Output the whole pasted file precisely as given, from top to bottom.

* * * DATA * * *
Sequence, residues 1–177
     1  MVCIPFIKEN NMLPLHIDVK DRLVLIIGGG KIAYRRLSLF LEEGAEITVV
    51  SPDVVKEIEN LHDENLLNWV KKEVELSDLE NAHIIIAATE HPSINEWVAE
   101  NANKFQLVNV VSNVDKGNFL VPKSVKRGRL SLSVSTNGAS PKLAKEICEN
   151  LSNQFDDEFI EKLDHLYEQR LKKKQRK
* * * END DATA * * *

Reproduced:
Sequence, residues 1–177
     1  MVCIPFIKEN NMLPLHIDVK DRLVLIIGGG KIAYRRLSLF LEEGAEITVV
    51  SPDVVKEIEN LHDENLLNWV KKEVELSDLE NAHIIIAATE HPSINEWVAE
   101  NANKFQLVNV VSNVDKGNFL VPKSVKRGRL SLSVSTNGAS PKLAKEICEN
   151  LSNQFDDEFI EKLDHLYEQR LKKKQRK